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A Century Of Gardening

2nd of October 2007

One hundred years ago this year Terry Simmonds� grandfather Herbert established his nursery in Chipperfield, which has developed to become today�s Garden Scene. To celebrate the nursery�s centenary Terry has written a brief history.
Back in the great Victorian era George Simmonds, a farm laborour from Chalfont St. Giles, came to Chipperfield where he raised his two boys, Herbert and Ernest. For a while they lived in Mobcroft Cottages in Flaunden and Herbert was able to attend the village school in Latimer. It would have been around 1890 when Herbert got a job as under gardener at Chipperfield House where he soon developed a great interest in growing plants.
It was not long before he met Rose Bates who had gone into service as a cook at Woodmans. Her father George had brought his family from Marsworth to Venus Hill in Bovingdon and Rose and her sisters grew up in a world of Victorian farming. Around the turn of the century Herbert and Rose were married at Chipperfield Baptist Church and soon their first son, Arthur, was born.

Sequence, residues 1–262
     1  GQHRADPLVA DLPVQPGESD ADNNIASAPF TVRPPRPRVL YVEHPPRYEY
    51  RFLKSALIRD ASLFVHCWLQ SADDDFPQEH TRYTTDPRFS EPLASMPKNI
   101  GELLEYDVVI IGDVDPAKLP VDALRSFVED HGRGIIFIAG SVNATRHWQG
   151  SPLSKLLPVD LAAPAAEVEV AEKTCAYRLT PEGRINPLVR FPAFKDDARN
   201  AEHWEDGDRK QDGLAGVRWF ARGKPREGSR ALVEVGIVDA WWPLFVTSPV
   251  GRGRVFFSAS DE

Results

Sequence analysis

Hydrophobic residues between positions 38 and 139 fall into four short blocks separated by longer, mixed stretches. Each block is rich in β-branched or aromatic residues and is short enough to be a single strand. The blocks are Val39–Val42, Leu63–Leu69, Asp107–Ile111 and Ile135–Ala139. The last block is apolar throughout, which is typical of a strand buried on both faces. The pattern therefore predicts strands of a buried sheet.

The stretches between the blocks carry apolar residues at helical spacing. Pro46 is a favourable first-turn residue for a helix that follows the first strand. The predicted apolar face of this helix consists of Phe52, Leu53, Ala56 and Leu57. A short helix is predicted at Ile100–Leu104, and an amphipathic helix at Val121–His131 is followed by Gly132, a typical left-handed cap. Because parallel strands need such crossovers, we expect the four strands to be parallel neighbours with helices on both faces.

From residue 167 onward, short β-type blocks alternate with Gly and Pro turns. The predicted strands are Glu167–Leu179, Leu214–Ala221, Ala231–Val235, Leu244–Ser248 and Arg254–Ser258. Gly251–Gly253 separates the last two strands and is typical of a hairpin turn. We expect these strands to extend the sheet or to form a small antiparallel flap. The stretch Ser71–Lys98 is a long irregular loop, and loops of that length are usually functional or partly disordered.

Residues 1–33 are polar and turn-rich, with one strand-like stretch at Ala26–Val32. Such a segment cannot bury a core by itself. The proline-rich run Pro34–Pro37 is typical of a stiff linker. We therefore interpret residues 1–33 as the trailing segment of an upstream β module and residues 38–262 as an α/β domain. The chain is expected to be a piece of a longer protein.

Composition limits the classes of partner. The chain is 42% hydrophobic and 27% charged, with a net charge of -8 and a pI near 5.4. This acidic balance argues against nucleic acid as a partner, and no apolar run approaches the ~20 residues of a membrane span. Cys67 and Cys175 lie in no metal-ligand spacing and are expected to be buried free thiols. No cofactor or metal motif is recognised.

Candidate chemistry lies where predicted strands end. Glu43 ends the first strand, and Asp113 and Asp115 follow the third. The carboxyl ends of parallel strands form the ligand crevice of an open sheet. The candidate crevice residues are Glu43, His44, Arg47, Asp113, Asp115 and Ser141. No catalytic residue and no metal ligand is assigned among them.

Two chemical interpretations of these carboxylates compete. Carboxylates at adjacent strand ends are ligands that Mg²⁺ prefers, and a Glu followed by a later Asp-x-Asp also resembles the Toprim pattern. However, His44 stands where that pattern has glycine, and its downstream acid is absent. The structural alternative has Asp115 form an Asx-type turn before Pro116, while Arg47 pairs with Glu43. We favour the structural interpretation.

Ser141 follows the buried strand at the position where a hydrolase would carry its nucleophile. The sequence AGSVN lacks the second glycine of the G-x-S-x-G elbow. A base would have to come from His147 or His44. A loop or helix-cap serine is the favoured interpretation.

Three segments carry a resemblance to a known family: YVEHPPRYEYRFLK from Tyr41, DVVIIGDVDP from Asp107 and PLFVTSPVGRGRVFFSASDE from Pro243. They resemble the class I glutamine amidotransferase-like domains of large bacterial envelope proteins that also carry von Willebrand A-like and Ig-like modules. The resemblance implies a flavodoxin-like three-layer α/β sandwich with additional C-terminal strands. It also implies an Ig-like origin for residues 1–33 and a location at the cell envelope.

Plants would have been grown in the back garden of their cottage in Chapel Croft, close to where the newsagent now stands. The vegetables they grew were sold locally and in 1907 the first nursery was established.
An acre of land situated where Chapel Croft joined Pest House Lane (now called Croft Lane) was purchased from the Blackwell family who occupied the Manor House at the time. Young Arthur helped his Dad with his new nursery venture. Every morning at dawn his first job was to scoop up buckets of manure left by the horses in the road. In 1909 Jim Simmonds was born and as soon as he was old enough he too helped Herbert grow plants in the nursery. Soon jobs were being provided for local lads and the business began to develop.
Greenhouses were erected and these were heated using the traditional cast iron hot-water pipes connected to a boiler, which was installed in what was called the �stoke hole�. Coal and coke were the usual fuels and these were transported using a handcart, which was also used to deliver produce to customers. Ornamental plants were now being grown as well as vegetables
The family moved into the cottage opposite the nursery (known today as Drywall Cottage) and above the door was a sign, which read H.SIMMONDS Nurseryman and Florist.
Many of the lads who worked for the nursery left to join the army during World War One and sadly Herbert�s brother Ernest was killed in France in 1917.
After the war the nursery grew, as did the labour force. Jim Simmonds acquired a motorbike and sidecar and he and a new lad, Lisle Venables, used it to deliver tomatoes and other produce.
To be continued next month

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